The blood reaching the kidneys is filtered in the structures of the glomerulus - this applies to about 10% of all blood flowing through this structure, which (taking into account the previously given values) means that 80- 120 ml of liquid. This parameter is known as the glomerular filtration rate (GFR) and is one of the primary indicators that physicians can use to conclude that kidney function is normal. it is completely excreted - if it were so, then in a day the human body would produce even about 180 liters of urine. The first filtrate is called primary urine and it undergoes various processes within the remaining elements of the nephron. These include such phenomena as, for example, resorption (reabsorption of various substances into the blood), but also the excretion of various metabolic products and electrolytes into the urine.

The previously described parts of the renal tubules that make up the nephron have different functions:

  • absorption takes place in the proximal tubule, incl. sodium, potassium and calcium ions, as well as glucose, amino acids and urea, in addition, along with these substances in the proximal tubule, water absorption also takes place (here the primary urine volume is reduced by up to 70%); in this part of the nephron, for example, drugs taken by the patient (e.g. antibiotics) are secreted into the urine,
  • in the Henle loop, urine is further concentrated - this is due to the complex processes of transporting sodium, chlorine and water ions,
  • in the distal tubule there is mainly reorption of sodium ions into the blood, absorption of which is associated with the excretion of potassium ions into the urine.

The urine produced in the course of the described processes enters the collecting tubules, from which it finally goes to the ureter, from where it is transported to the bladder and excreted from the body. How much work has to be donekidneyscan be convinced by the fact that the large - because it reaches much more than 100 liters - amount of primary urine produces an average of about 1.5 liters of final urine per day .

  • Other Kidney Functions

The kidneysalso have endocrine activity: they produce renin (primarily involved in the regulation of blood pressure) as well as erythropoietin (the hormonestimulating the production of red blood cells). These organs also produce prostaglandins and kinins (which have a vasodilating effect), and in addition, the kidneys synthesize the active form of vitamin D. The kidneys' task is to regulate the water and electrolyte balance, but not only - they also affect the acid balance - basic. This is due to the fact that these organs are responsible for the processes of regulating blood concentrations, including hydrogen ions, but also bicarbonate ions.

The kidneys are also responsible for regulating blood pressure. The hormone they produce - renin - is one of the elements of the so-called the renin-angiotensin-aldosterone system (RAAS). These organs are also sensitive to the action of many different hormones involved in the regulation of blood pressure, such as vasopressin (an antidiuretic hormone, ADH) or atrial natriuretic peptide (ANP). The kidneys are also involved in the course of various metabolic processes - for example, during periods of fasting, these organs may produce glucose (referred to as gluconeogenesis).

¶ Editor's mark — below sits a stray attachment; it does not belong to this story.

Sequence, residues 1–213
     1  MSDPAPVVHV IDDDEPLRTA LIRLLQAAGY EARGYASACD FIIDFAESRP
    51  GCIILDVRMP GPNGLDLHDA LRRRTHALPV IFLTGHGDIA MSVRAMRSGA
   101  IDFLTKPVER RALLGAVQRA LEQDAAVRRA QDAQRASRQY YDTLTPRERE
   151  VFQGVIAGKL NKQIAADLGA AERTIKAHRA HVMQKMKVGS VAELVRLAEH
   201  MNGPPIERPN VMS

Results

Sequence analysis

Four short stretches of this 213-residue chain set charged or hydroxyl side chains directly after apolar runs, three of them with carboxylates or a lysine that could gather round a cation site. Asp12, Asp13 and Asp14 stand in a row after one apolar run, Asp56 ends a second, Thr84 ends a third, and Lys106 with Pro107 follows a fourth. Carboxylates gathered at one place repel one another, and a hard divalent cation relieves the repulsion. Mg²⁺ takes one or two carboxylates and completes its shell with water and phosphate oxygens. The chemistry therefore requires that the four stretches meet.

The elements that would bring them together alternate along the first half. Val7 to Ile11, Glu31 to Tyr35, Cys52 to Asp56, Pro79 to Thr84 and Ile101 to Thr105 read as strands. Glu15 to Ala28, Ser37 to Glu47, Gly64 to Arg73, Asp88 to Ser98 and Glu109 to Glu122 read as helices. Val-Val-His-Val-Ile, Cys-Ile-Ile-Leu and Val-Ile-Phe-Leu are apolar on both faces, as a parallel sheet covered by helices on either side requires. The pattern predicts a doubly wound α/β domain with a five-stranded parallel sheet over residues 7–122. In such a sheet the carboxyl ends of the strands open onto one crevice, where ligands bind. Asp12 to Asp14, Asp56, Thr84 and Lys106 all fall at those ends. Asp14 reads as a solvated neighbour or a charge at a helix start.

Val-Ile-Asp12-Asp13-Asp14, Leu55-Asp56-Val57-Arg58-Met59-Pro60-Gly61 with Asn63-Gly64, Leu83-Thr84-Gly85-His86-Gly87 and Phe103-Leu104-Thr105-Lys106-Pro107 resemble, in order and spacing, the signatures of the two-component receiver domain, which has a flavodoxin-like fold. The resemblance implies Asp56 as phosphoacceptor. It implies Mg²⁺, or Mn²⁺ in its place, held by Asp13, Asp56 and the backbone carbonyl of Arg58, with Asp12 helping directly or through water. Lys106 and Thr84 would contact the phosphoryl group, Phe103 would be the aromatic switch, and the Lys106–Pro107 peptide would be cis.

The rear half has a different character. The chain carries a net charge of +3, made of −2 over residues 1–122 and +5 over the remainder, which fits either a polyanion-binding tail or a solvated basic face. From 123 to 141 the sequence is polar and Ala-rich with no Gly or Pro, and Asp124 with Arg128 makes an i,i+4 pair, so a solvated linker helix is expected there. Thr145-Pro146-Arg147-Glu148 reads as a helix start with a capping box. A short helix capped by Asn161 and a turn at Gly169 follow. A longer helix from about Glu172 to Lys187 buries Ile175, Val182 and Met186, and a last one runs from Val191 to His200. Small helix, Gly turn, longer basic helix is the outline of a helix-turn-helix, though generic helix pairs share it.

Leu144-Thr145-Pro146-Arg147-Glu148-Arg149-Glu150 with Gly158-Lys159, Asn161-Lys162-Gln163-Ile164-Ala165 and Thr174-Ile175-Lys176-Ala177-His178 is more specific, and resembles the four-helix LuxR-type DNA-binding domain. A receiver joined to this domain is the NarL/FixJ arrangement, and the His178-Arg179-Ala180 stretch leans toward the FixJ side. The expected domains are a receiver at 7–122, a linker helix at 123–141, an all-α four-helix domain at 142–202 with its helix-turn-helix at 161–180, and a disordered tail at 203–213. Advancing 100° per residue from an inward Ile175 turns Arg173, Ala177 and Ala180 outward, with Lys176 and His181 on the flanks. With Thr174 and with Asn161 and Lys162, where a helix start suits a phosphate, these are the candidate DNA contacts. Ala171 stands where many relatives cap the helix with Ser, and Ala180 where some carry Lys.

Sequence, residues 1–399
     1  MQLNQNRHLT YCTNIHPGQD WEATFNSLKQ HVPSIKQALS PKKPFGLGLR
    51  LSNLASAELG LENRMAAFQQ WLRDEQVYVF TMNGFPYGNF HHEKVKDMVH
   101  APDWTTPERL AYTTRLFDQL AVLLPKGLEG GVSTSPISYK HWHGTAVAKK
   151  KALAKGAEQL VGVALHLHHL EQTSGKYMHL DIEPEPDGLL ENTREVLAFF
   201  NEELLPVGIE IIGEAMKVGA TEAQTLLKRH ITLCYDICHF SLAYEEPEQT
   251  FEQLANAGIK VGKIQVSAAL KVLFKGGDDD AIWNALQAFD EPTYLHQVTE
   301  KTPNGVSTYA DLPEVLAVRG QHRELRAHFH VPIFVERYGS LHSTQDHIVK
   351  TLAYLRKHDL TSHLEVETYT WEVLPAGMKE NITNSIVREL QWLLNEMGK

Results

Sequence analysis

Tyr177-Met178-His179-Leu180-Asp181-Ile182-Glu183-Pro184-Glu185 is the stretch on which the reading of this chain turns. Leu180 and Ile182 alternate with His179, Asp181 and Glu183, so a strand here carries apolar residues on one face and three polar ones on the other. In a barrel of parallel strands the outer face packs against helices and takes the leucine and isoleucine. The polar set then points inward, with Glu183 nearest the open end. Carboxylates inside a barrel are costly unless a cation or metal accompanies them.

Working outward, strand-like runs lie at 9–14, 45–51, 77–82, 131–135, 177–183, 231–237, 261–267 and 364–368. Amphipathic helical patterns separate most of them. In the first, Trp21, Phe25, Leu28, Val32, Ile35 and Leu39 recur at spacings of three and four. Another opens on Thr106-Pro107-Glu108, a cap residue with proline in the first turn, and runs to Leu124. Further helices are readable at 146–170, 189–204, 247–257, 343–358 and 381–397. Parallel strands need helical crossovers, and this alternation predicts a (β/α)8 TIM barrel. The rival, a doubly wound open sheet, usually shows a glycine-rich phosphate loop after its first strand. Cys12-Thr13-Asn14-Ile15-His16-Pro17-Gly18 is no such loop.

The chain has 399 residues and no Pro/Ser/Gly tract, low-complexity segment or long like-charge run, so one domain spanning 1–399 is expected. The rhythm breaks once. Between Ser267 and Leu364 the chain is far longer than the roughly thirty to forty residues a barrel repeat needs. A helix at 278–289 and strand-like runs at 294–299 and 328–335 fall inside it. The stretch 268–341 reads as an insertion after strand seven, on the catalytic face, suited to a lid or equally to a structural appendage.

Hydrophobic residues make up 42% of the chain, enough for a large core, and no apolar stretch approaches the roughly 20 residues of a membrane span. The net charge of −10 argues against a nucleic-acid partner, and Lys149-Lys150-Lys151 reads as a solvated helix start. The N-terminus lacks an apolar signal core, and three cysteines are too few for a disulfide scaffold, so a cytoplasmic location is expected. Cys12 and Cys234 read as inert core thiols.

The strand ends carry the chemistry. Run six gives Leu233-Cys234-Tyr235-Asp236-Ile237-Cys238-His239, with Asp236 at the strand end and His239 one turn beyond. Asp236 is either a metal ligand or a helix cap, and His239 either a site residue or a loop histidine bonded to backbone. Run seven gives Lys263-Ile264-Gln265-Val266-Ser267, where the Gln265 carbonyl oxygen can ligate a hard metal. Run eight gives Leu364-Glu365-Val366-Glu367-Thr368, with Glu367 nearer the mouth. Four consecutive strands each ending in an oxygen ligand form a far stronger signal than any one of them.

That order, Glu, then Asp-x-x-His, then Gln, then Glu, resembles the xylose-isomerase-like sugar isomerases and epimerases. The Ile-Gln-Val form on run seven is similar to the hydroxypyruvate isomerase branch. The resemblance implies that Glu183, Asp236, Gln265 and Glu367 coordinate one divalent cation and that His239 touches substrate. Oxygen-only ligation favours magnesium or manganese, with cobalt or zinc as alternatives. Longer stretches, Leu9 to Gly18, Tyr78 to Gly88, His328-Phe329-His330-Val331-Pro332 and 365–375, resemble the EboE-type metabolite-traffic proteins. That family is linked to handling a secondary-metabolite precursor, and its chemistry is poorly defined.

Kidneys: diseases

Kidney development begins as early as the 4th week of fetal life - so it is probably not surprising that the course of these developmental processes may be disturbed and may lead to the appearance of congenital kidney diseases and defects. It can be, for example :

  • horseshoe kidney
  • agenesis (missing) kidneys
  • congenital hydronephrosis
  • duplication of the ureter
  • congenital cystic kidney

The above-mentioned units are treated as defects in the development of the kidneys. Among the diseases affecting these organs, however, many other and different problems are mentioned, which may be related both to inherited genetic mutations and may be acquired in the course of life. The most famous kidney diseases are:

  • urolithiasis
  • glomerulonephritis
  • Diabetic Nephropathy
  • pyelonephritis
  • Lupus Nephropathy
  • Alporta team
  • polycystic kidney disease
  • renal hypertension
  • kidney cancer (there are both primary tumors, such as clear cell carcinoma of the kidneys in adults or Wilms' tumor in children, as well as metastatic tumors from other organs)
  • kidney abscess
  • renal failure (both acute and chronic)

There are many other pathologies within the kidneys. Probably for this reason, in the field of internal diseases, their specialist department dealing with kidney diseases stands out - we are talking here about nephrology and aboutdoctors dealing with kidneys, or nephrologists. Kidney diseases and their symptoms are worth mentioning primarily in connection with one aspect. Well, the kidneys have a large functional reserve - it is estimated that before a patient develops any symptoms of kidney disease, about 3/4 of the entire volume of the parenchyma of these organs must be damaged. Before that, yes - the patient may experience some symptoms, but they may be subtle and poorly expressed. This is why regular urine tests are so important and that you visit your doctor if you suspect any abnormalities - early diagnosis of renal dysfunction will allow for faster treatment, and therefore there is a good chance that the possible disease can be stopped before it has time. she can lead to irreversible kidney damage.

  • Kidney pain - causes
  • Symptoms of a sick kidney
  • Artificial kidney (dialyzer): how does it work? Types of dialyzers
  • Kidney injuries - classification, symptoms, treatment
  • Mobile (wandering) kidney - causes, symptoms, treatment